Is the GATE Programme/Entrepreneurship training a valid response to various forms of market failure (allocative inefficiency in credit, labour, insurance and human capital markets)? Can such a programme have an effect on business sales, earnings or employees?
IGL Trials Database
IGL curates a database with randomised controlled trials in the field of innovation, entrepreneurship and growth. Browse our list of topics, see it as a map, or use the search function below.
The income flows of micro and small business owners in developing countries are usually quite irregular and hard to predict. Microloans by microfinance institutions (MFIs) from around the developing world generally follow very rigid repayment schedules beginning immediately after the loan disbursement. Such repayment structures are unfit to support investments in technology or other solutions to expand the business, as these generally take longer to pay off.
Youth entrepreneurship training programme in France. Results forthcoming.
This paper examines the persuasiveness of delivery in start-up pitches.
While small and medium enterprises (SMEs) represent a large segment of activity and employment, there has been little research on how their growth is affected by financial constraints. Indeed, because the credit needs of SMEs are too big for microfinance products, but that they lack the collateral to borrow from the traditional banking sector, SMEs are in some way the “missing middle” of credit constraint research. This project addresses this evidence gap by evaluating the impact of a new loan product, designed specifically for SMEs, on firm growth and other market outcomes.
Can internship programmes provide young entrepreneurs with valuable experiential learning on successful management practices? This pilot study confirms the viability of such a programme in promoting 'learning by doing', and builds the foundation for a full-scale internship experiment beginning in 2015.
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Research confirms that business coaching is core to most incubation and acceleration programmes. Business coaching combines aspects of teaching, training, mentoring, and consulting and creates a general support approach for early-stage technology ventures. It has been identified as a key attribute to the impact of an early-stage venture team’s performance.
The adoption of new clinical practice patterns by medical care providers is often challenging, even when they are believed to be both efficacious and profitable. This paper uses a randomized field experiment to examine the effects of temporary financial incentives paid to medical care clinics for the initiation of prenatal care in the first trimester of pregnancy. The rate of early initiation of prenatal care was 34% higher in the treatment group than in the control group while the incentives were being paid, and this effect persisted at least 24 months or more after the incentives ended.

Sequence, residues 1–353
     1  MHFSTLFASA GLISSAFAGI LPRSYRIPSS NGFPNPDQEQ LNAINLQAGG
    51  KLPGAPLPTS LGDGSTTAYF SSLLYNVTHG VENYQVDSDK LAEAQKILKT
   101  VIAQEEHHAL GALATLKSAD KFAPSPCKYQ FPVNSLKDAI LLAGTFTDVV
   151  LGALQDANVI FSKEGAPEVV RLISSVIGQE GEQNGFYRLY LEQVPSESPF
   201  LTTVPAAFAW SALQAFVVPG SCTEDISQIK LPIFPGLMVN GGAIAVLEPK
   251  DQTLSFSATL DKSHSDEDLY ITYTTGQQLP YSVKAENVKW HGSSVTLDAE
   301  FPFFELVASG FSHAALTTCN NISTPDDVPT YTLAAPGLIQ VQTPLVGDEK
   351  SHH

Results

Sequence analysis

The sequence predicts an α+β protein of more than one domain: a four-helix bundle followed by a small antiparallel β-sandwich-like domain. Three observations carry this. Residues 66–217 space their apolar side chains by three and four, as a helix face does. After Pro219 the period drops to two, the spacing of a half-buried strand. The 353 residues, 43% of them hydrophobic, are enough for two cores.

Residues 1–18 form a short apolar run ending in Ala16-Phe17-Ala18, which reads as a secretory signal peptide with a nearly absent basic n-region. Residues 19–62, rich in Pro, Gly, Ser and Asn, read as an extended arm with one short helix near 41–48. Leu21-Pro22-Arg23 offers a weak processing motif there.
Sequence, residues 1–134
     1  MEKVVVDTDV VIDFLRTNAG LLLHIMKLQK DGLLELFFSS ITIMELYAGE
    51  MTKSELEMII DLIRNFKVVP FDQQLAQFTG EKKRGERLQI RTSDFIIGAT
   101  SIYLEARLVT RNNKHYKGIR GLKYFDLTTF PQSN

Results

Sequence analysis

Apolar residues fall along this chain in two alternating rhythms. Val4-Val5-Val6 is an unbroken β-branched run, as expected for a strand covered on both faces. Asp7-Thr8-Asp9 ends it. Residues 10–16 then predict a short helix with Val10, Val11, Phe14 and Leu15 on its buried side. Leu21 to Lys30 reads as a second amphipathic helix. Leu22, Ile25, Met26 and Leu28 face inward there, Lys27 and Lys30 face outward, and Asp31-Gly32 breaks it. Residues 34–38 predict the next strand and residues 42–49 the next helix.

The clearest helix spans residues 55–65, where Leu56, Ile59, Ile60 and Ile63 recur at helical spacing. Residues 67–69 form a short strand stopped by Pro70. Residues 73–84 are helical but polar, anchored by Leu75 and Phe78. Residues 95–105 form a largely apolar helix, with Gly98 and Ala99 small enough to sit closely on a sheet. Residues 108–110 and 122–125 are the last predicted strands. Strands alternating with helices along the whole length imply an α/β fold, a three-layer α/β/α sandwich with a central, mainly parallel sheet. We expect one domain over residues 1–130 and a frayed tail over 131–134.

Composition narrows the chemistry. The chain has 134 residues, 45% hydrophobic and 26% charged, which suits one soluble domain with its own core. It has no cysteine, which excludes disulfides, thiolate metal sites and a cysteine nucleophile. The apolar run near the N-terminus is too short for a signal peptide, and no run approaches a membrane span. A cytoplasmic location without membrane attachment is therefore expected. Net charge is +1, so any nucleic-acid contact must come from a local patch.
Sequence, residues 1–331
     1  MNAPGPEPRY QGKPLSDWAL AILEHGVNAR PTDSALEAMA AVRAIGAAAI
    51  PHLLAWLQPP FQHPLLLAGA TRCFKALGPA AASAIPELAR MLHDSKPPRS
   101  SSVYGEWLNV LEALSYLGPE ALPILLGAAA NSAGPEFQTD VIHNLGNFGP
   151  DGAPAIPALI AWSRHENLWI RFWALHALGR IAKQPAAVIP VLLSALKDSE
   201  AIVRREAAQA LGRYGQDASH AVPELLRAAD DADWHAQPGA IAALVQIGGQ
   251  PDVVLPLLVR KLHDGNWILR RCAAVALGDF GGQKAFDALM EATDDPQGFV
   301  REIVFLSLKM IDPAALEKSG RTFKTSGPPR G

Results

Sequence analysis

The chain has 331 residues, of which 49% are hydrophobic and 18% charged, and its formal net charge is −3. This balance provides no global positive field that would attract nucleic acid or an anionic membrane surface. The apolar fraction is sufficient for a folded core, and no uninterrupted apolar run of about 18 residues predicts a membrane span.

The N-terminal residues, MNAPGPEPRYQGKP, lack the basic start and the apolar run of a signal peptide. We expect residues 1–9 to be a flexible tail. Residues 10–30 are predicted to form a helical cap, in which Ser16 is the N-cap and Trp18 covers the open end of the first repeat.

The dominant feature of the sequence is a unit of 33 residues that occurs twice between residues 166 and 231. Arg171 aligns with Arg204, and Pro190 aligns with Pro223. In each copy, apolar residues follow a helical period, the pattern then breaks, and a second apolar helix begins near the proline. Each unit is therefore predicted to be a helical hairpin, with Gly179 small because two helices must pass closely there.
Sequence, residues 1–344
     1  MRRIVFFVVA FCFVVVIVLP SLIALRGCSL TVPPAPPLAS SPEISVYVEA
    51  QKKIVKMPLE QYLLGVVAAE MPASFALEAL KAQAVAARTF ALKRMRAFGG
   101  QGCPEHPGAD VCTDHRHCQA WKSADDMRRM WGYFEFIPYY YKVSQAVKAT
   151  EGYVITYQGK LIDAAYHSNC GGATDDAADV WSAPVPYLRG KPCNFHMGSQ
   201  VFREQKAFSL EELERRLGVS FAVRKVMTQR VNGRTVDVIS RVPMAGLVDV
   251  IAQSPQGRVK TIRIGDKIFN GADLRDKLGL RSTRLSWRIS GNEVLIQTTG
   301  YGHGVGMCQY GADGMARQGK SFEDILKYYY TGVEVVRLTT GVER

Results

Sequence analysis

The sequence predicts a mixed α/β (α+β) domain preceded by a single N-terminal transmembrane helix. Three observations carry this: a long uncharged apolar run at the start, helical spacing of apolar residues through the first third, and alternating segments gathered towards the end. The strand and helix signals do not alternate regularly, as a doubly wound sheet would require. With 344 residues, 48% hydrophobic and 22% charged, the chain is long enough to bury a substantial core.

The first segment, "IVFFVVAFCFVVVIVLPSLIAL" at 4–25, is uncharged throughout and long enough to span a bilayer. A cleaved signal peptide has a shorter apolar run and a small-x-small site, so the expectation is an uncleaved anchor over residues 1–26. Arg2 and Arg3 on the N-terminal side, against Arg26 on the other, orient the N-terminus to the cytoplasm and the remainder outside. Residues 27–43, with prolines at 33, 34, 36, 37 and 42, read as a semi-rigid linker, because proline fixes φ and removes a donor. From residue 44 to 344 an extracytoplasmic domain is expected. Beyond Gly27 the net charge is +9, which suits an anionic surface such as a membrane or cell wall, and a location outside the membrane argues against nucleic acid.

Organizations that depend on voluntary contributions face unique managerial challenges. In this project, we examine whether emphasizing the salience of project output (i.e., project outcome) or project input (i.e., labor costs) affect the quantity and quality of contributions using a randomized field experiment on the world's largest crowd science platform. We manipulate whether participants receive information that emphasizes their contribution to the eventual outcome of a task or information that emphasizes their contribution to the labor required for a task.
In this meta-analysis what particularly stands out is the effect of microcredit on female empowerment. With respect to entrepreneurship and economic development outcomes, microcredit appears to have the most value in deprived contexts, but overall, results are highly dependent on context.
Evaluation comparing the impact of a managerial consulting program with training on export business models in Córdoba, Argentina. Results forthcoming.
Will increased exposure to the principles of effectuation accelerate novice entrepreneurs’ development of entrepreneurial expertise? What kind of pedagogical tools and methods can provide that exposure and opportunities for deliberate practice? The principles of effectuation [www.effectuation.org], a set of heuristics underlying how expert entrepreneurs make decisions during new venture creation, are increasingly being used by entrepreneurship educators, consultants and practitioners.
Small businesses that seek and obtain strategic business advice are more likely to thrive and grow. Advice can increase productivity, drive sales and improve the chance of survival in tough economic times. Yet as many as three in every ten small businesses in the UK may have an unmet need for business advice . And to date, available evidence does not establish a causal link between business advice and higher growth for small businesses.
With millions of women around the developing world thrown into self-employment but with low productivity, increasing the profitability of their businesses is highly relevant for poverty reduction and gender equity.